On the campaign couch...with JB
A view from Jeremy Bullmore

On the campaign couch...with JB

Q: I've found that saying "I'm in advertising" just doesn't impress people at dinner parties any more. Is it time to get out of this industry?

A: Tell me more about those dinner parties. Did you really sit down, clear your throat and say with manly authority: "I'm in advertising." And did that so impress your fellow diners that they then listened in silent respect to your views on electoral reform, Rajasthan, rain forests and the exaggerated expectations of the modern au pair? If you ever found that being in advertising made an impression at dinner parties, I can only assume that all the other guests were actuaries.

Advertising, praise the Lord, has never been respectable. People in respectable occupations very quickly get self-satisfied. And self-satisfied people very quickly get pompous. And pompous people are unfailingly boring.

There are, of course, some boring people in advertising (I know seven) but they're rare. Advertising, proportionately, contains fewer boring people than any other trade. And that's because, to survive socially, people in less than respectable trades have to earn acceptance through the exercise of their wits. Barristers and chartered surveyors don't need to. People in advertising do. I'd rather wait for six hours at an airport with someone from advertising than with someone from any other occupation.

What's more, advertising as an occupation is twice blessed. While it will never be thought respectable, it actually is. To those who care about these things, applying one's higher education to persuading the lower classes to buy Toilet Duck rather than Harpic - or vice versa - is demeaning, vulgar, economically reprehensible and faintly embarrassing. And long may that last. If advertising ever became respectable, all its most engaging practitioners would depart.

All of which makes the hidden fact of advertising's almost entirely benign effect all the more gratifying. Most trades strive to attract more credit than they actually deserve. Advertising should continue to gloat in the secret knowledge that it attracts less.

Q: An agency founder writes: I'm throwing a lavish bash to celebrate our agency's anniversary and am in two minds about whether or not to invite my rivals. The chance to show off and wave my success in their faces is overwhelming but they will probably use the occasion to sweet-talk my clients into their arms. What do you recommend?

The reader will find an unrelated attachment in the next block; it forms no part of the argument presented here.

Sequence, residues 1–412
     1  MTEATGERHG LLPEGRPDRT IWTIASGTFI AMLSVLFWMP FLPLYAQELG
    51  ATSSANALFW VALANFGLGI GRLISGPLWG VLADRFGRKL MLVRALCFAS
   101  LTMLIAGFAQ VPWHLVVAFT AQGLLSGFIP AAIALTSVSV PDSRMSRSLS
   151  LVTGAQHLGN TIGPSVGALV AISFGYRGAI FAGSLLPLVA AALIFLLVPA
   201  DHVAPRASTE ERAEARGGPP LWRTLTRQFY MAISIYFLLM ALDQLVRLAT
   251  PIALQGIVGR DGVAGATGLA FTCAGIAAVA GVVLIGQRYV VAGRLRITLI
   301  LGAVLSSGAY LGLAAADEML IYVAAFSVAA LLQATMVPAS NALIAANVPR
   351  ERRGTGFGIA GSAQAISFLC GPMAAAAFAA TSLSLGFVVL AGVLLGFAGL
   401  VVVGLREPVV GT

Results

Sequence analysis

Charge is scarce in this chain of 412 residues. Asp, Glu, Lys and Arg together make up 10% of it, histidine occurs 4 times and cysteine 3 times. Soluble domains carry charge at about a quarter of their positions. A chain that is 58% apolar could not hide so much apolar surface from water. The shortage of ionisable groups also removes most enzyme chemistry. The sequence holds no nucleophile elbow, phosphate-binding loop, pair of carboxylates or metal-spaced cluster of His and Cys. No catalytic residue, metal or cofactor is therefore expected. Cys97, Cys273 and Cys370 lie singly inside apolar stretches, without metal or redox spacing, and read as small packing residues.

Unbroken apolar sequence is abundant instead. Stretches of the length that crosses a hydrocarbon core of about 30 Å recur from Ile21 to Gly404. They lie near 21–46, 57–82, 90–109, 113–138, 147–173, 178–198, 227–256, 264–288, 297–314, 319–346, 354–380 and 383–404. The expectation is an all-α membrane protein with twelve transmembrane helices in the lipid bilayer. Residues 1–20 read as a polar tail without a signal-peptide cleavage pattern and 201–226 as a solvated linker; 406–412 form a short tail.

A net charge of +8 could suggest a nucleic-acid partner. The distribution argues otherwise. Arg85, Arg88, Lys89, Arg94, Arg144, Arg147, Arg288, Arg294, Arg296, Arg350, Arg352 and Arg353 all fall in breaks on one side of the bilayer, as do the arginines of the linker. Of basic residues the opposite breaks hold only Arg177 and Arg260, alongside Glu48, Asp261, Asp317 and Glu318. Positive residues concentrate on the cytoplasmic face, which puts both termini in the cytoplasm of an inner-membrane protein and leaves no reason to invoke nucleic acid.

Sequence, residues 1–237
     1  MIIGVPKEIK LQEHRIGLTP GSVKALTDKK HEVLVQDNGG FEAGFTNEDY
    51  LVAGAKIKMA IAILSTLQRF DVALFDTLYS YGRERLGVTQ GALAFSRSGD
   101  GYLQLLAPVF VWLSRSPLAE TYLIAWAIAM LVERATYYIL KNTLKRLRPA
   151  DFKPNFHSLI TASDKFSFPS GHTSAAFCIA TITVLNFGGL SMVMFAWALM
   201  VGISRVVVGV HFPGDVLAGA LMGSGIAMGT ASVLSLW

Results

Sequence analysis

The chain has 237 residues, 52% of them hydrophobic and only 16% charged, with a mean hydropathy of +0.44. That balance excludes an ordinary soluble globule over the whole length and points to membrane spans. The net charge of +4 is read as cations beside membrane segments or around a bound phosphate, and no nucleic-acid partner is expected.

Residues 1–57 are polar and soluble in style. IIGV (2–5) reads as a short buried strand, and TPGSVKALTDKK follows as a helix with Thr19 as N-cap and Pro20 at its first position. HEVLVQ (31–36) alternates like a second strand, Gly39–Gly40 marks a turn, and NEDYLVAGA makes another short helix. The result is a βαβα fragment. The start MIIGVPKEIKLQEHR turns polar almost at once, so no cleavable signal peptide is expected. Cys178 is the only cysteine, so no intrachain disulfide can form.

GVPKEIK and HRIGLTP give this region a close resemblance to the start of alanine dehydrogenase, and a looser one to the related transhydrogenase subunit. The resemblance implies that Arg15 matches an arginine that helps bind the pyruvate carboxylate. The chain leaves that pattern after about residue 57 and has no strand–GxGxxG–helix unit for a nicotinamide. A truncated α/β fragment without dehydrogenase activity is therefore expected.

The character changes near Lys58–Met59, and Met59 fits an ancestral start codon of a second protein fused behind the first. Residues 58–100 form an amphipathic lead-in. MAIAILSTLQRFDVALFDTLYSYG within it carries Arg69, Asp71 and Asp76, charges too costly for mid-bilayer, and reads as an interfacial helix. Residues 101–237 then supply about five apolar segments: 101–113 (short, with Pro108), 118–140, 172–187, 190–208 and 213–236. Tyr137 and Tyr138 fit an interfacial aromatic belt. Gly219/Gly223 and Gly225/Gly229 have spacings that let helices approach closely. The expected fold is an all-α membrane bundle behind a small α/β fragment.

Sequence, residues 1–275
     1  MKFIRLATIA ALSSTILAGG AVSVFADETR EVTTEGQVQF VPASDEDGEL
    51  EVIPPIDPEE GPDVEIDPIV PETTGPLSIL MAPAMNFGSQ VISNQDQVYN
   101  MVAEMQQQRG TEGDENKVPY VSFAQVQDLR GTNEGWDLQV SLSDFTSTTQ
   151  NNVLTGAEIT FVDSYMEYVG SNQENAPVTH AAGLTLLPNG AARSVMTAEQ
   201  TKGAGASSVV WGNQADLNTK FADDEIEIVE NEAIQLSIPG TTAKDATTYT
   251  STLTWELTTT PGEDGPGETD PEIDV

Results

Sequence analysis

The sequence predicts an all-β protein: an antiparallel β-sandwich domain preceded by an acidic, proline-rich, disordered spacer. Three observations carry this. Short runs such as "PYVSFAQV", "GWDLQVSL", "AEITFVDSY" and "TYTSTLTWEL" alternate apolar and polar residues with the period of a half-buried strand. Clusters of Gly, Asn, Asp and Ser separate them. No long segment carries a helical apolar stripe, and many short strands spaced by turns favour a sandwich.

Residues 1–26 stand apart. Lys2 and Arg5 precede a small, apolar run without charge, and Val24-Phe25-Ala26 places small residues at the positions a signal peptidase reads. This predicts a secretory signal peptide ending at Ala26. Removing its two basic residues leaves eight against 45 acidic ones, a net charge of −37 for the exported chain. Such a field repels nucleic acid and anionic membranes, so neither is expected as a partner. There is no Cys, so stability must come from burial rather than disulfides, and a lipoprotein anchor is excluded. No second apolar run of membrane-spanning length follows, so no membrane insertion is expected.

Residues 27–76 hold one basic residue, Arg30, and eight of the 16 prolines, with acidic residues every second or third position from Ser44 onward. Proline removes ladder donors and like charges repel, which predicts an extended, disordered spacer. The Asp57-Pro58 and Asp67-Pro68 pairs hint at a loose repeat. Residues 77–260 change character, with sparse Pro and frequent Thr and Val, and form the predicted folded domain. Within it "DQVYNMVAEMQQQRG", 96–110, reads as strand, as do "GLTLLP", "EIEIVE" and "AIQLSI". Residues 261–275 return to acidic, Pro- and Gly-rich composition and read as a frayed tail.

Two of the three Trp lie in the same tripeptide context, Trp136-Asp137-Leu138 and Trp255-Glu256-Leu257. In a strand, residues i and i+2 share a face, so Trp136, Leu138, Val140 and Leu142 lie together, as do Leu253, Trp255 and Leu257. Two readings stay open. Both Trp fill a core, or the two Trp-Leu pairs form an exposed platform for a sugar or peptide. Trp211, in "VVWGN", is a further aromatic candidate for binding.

A: I don't suppose you begin to realise just how revealing your letter is. Your jangling insecurity fills me with compassion.

A year ago you did a brave and scary thing. You risked your reputation, your mortgage and very possibly your marriage when you decided to introduce a new agency to an already overcrowded market. Well-meaning friends and envious enemies all predicted disaster - but to your barely concealed astonishment, it worked. You attracted good staff and good clients and have begun to build a reputation. You're even almost in the black. You can't wait to crow; to yell yah-boo to those doomsters; to preen and prance and rub your rivals' noses in your triumph.

And yet, and yet. Deep down, you know it's early days. You know it may not last. You even fear that your new-won clients might be wooed away from you, at your own bash, by silver-tongued competitors.

So don't waste your money and don't tempt the gods. Invite only those who trusted you and supported you and shared your risks - and don't forget their families. Make it a modest bash, a work-in-progress bash, a thank-you bash. And let your rivals notice from afar.

Q: I have been roped into giving a talk on the world of advertising to sixth-formers at my son's school. Should I tell them the truth?

A: I wonder what you think the truth to be? You could remind them that George Orwell once said that "Advertising is the rattling of a stick inside a swill bucket". You could tell them how a really clever advertising agency, if paid enough, can take a product of no intrinsic worth and with no differentiating features and then, through the application of neuroscience and psycho-manipulative procedures, induce ill-educated people on low incomes with no need of such a product to buy dozens.

If you tell them all that, and if your son's school's sixth-formers are like a lot of other sixth-formers, they'll be queuing up afterwards pleading for an interview. Wow. Sounds cool.

Alternatively, you could take them through some of the thoughts expressed in the first answer. You may not interest as many of them; but they'll all be interesting.

"Ask Jeremy", a collection of Jeremy Bullmore's Campaign columns, is available from Haymarket, priced £10. Telephone (020) 8267 4919

Jeremy Bullmore welcomes questions via campaign@haymarket.com or Campaign, 174 Hammersmith Rd, London W6 7JP